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Mon 8 Mar 2010 04:00 AM

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Safety in numbers

There's a reason why clichés become clichés. And it's generally because - in spite of their undeniable cheesiness - they express an unavoidable, resounding truth. The much-abused idiom, ‘there's safety in numbers', is a good case in point.

Safety in numbers
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There's a reason why clichés become clichés. And it's generally because - in spite of their undeniable cheesiness - they express an unavoidable, resounding truth. The much-abused idiom, ‘there's safety in numbers', is a good case in point.

The recent unveiling of a brand new president, board of directors and executive committee at the Association of Professional Interior Designers (APID) should represent an important milestone for the region's design community at large. It is the next step in the evolution of what is still a relatively young and inexperienced entity.

This ‘changing of the guard' comes at an opportune time. APID's hosting of the IFI General Assembly and World Design Congress at the end of last year gave the organisation an undeniable boost in credibility. In spite of limited resources and a crushingly-inhibitive time frame, APID put on a commendable show - a real testament to what can be done when people work together, use their influence and share their contacts.

The current economic climate will also work in APID's favour. Companies that may not have seen the benefits of being part of a wider group in the past are suddenly appreciating the truth in that age-old adage: there's safety in numbers.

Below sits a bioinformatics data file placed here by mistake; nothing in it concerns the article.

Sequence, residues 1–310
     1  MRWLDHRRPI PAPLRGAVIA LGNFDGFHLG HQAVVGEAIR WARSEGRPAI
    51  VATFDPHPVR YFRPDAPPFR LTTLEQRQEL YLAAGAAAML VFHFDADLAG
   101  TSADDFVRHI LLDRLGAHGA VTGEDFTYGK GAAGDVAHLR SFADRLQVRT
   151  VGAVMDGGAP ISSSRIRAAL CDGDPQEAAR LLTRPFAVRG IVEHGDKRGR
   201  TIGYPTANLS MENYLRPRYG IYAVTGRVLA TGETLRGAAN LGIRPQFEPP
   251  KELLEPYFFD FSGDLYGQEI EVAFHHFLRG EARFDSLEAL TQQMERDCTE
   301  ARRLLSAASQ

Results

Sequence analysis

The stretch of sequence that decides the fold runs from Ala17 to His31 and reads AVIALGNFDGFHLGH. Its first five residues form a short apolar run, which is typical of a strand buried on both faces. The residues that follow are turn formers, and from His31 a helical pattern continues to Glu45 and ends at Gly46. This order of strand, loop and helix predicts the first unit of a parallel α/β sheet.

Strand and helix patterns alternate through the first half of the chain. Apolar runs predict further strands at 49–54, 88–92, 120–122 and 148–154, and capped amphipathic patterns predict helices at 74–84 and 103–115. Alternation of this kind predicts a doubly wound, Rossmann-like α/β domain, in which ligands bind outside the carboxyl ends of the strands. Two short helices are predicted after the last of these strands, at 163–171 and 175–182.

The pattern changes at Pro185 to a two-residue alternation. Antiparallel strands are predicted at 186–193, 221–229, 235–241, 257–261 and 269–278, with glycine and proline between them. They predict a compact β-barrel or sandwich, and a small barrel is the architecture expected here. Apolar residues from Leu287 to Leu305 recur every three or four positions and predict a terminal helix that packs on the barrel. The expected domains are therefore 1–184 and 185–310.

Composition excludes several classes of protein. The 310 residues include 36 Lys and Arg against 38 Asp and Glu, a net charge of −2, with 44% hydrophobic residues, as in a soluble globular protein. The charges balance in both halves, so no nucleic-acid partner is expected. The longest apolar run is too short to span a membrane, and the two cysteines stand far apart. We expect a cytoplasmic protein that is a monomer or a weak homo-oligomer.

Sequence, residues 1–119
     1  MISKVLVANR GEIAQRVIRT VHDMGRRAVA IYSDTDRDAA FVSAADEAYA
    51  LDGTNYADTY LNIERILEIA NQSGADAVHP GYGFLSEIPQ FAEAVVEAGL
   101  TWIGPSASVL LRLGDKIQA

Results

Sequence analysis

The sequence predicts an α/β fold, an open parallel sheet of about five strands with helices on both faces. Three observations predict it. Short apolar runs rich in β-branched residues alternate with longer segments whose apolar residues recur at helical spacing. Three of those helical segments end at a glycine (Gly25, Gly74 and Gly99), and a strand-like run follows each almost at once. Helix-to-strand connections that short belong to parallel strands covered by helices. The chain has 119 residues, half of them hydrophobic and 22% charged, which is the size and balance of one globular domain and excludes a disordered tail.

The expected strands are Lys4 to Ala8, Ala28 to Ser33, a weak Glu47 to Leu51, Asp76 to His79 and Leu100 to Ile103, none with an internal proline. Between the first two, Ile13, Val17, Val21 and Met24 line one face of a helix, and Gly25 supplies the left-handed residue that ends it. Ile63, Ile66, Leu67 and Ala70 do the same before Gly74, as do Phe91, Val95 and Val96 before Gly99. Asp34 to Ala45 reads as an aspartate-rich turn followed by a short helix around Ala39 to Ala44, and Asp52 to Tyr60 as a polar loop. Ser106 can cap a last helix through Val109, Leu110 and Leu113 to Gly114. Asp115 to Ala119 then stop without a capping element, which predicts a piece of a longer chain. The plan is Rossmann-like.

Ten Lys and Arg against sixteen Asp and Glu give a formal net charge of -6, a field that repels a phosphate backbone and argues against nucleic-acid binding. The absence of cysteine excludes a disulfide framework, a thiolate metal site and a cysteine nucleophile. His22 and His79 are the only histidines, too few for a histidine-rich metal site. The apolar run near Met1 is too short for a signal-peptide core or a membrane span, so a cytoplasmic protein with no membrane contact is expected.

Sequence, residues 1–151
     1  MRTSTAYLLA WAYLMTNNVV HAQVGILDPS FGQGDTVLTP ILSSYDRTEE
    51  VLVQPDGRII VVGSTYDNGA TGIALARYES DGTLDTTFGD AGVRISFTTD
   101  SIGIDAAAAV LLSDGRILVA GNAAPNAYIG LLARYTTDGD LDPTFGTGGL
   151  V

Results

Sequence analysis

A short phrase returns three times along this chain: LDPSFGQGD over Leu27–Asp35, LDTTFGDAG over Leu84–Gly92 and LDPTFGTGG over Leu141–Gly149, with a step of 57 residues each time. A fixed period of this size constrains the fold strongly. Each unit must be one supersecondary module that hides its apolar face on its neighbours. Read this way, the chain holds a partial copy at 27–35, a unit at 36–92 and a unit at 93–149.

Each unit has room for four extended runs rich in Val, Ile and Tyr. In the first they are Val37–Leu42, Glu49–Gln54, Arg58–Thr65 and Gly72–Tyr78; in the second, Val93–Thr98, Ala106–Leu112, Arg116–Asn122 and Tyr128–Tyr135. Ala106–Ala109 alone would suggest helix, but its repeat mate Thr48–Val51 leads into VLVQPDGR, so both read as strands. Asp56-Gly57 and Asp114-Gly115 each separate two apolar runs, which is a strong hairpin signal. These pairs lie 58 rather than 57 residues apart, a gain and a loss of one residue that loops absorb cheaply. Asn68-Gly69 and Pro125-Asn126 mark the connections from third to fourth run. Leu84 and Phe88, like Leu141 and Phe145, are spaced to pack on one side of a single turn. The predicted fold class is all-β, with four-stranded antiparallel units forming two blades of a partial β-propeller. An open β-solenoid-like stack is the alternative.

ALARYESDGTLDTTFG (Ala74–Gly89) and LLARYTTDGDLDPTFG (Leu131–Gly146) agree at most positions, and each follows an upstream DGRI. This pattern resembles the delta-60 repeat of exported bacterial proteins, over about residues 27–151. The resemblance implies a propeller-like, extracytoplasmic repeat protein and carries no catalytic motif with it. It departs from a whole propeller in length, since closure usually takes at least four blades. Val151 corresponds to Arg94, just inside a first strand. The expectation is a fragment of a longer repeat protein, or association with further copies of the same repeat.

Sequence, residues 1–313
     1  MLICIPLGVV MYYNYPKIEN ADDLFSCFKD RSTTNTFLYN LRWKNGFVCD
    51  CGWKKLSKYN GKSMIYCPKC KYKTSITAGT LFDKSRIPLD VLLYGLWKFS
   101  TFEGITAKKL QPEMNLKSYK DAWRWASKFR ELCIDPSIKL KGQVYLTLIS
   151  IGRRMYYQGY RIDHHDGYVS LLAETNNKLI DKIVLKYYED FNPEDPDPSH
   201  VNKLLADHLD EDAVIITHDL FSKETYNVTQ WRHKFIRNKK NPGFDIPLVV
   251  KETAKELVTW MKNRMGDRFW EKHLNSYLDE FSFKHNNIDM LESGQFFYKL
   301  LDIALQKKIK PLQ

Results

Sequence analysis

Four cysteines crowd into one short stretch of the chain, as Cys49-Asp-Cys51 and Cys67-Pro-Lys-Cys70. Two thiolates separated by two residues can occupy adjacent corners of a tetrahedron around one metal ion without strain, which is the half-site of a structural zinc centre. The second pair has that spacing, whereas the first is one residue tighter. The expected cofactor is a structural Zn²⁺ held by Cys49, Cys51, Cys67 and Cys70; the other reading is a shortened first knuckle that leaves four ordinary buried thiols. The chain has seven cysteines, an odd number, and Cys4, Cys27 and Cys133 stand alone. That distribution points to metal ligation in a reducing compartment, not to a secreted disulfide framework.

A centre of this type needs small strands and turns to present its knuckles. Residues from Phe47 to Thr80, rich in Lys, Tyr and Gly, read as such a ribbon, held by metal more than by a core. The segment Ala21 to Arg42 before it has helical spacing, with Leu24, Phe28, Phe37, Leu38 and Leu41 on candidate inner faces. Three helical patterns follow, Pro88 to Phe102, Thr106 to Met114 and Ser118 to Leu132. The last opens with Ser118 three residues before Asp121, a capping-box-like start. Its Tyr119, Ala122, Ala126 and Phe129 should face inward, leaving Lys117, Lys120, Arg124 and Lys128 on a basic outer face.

The trials and tribulations of the past year have left the industry vulnerable and scarred. All of a sudden, having a collective voice, a common contract, more accountability, greater regulation, increased segmentation, or even just a forum for good, old-fashioned, honest, upfront discussion, sound pretty enticing. Truth be told, there are a lot of battered design companies out there that will take any security that they can get.

So, the timing is good. Which means that all APID has to focus on is making sure that it is topical and relevant - not just to a select few but to as wide a cross-section of the industry as possible. There are still too many design firms that haven't been brought into the fold; who haven't been convinced of the benefits to their business; or who don't see how they can contribute.

Wooing these firms, whatever their size, attitude or inclination, should be a key priority for APID's new team. Because before you can have safety in numbers, you need numbers.

Selina Denman is the editor of Commercial Interior Design.

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